LUXEMBOURG – European countries still work together enough to make the risks of a biological, chemical or nuclear disasters outside Europe to reduce. Measures shed be fruit, but they are still not sufficiently focused on reducing risks, according to the European Court of auditors in a report.
There is a lot of effort has been made to the number of partner countries around the world, while the goal should be energy and money in countries that are most relevant for the security of the EU, according to the auditors. The union took the initiative of centres of excellence for chemical, biological, radiological or nuclear (CBRN) disasters, in order to take up the risks to reduce, which is partly successful. In the 2014-2020 period is € 130 million available, but the objectives are unclear and there is missing data, thus the auditors.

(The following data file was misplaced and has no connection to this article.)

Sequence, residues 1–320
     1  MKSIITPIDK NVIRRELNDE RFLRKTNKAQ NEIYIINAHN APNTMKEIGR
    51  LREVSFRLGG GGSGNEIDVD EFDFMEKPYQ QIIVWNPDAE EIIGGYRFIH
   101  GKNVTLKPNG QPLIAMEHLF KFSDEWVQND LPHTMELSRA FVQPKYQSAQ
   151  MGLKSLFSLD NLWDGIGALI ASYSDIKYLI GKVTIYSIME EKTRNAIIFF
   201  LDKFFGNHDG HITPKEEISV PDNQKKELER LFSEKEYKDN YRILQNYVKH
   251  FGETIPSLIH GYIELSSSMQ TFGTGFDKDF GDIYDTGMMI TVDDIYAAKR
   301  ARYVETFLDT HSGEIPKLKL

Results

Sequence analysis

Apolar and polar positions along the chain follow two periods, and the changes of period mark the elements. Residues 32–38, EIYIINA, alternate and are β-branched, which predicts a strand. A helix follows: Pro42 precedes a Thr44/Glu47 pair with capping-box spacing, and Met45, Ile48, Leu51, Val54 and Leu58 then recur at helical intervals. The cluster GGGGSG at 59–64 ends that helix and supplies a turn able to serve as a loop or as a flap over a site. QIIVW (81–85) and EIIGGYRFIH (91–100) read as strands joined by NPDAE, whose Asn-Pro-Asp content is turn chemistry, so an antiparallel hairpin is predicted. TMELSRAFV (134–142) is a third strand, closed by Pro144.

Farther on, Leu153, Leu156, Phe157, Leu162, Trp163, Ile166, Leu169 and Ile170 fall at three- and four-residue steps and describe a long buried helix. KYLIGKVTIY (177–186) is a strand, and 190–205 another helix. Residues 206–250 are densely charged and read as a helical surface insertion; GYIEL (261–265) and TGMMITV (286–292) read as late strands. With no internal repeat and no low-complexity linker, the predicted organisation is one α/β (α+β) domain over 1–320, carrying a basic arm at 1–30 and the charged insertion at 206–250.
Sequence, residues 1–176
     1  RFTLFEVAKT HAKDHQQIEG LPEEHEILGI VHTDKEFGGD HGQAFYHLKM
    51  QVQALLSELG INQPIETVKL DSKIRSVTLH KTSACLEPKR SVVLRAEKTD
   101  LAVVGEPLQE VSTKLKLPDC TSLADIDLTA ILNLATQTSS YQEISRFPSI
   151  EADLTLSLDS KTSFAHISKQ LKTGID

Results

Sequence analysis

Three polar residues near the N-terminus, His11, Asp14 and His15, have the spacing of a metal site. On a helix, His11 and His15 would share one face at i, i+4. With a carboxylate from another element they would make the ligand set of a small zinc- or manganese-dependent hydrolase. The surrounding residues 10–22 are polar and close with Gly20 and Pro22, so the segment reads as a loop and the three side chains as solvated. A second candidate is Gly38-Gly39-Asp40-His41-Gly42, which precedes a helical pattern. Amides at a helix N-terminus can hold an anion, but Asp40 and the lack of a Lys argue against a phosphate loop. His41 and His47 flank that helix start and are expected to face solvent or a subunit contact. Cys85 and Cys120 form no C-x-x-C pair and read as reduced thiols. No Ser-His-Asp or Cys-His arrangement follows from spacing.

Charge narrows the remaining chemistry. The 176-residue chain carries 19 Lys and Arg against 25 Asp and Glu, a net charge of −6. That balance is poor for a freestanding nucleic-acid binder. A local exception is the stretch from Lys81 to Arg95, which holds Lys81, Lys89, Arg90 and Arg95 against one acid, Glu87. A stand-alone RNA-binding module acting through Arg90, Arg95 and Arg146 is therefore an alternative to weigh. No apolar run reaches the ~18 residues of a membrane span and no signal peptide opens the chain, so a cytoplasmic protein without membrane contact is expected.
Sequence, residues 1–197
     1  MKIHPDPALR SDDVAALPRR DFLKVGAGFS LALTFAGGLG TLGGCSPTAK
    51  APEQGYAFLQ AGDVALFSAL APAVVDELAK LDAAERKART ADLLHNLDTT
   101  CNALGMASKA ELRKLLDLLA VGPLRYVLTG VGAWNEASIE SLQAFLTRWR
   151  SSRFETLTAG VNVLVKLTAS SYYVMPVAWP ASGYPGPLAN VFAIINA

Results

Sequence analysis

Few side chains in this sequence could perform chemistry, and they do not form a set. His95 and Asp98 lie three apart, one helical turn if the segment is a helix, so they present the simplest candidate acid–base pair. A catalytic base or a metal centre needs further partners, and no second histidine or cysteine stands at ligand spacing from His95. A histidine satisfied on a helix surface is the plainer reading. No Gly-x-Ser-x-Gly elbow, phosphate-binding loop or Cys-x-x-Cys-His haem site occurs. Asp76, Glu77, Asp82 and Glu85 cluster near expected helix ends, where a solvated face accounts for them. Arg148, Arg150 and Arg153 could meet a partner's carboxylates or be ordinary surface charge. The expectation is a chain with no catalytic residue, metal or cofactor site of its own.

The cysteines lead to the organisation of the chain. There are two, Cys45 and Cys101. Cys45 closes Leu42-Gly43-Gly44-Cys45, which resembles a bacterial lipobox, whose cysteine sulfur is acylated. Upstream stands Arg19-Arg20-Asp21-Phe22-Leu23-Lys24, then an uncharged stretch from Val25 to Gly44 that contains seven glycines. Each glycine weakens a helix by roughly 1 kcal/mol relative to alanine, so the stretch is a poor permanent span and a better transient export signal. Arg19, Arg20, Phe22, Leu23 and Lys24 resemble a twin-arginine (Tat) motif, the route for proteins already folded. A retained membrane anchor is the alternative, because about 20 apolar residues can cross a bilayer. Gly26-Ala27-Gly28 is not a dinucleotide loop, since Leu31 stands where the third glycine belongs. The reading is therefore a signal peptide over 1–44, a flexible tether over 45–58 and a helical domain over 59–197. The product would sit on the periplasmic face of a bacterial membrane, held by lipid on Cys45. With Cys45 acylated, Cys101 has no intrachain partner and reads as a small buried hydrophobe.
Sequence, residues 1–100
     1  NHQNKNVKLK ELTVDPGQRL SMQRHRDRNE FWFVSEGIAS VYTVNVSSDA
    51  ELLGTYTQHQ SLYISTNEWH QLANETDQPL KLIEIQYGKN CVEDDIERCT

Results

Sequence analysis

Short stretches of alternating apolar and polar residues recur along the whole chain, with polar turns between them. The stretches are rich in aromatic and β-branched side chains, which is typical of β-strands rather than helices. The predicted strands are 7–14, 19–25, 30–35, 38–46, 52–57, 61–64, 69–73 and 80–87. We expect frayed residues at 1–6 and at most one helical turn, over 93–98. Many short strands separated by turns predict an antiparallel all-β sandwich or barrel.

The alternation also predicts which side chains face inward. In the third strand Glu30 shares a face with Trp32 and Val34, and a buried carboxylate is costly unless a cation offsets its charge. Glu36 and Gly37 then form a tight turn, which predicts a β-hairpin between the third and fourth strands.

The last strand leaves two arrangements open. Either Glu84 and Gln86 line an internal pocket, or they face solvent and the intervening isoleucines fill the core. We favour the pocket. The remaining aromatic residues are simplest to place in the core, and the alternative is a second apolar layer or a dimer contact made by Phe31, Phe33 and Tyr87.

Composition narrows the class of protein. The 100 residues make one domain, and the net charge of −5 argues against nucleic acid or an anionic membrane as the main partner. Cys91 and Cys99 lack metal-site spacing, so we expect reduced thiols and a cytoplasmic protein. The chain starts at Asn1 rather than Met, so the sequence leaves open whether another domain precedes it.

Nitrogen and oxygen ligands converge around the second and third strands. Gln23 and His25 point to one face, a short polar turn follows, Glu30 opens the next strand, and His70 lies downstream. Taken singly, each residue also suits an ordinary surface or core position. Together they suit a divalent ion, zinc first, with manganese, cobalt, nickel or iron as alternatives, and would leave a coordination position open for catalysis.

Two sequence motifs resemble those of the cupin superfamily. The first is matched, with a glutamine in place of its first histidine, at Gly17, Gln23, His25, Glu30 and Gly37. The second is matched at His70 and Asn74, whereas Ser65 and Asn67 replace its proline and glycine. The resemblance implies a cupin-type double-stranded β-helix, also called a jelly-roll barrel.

“Events such as the use of sarin and chlorine gas in Iraq and Syria, the ebola outbreak in West Africa and the melting of the nuclear reactor of Fukushima clearly show on the severity of the chemical, biological, radiological and nuclear risks,” says rekenkamerlid Bettina Jakobsen. According to her, “there is no adequate approach to risk management developed,” and the member states is still insufficient together. She argues for a greater role of the EU.
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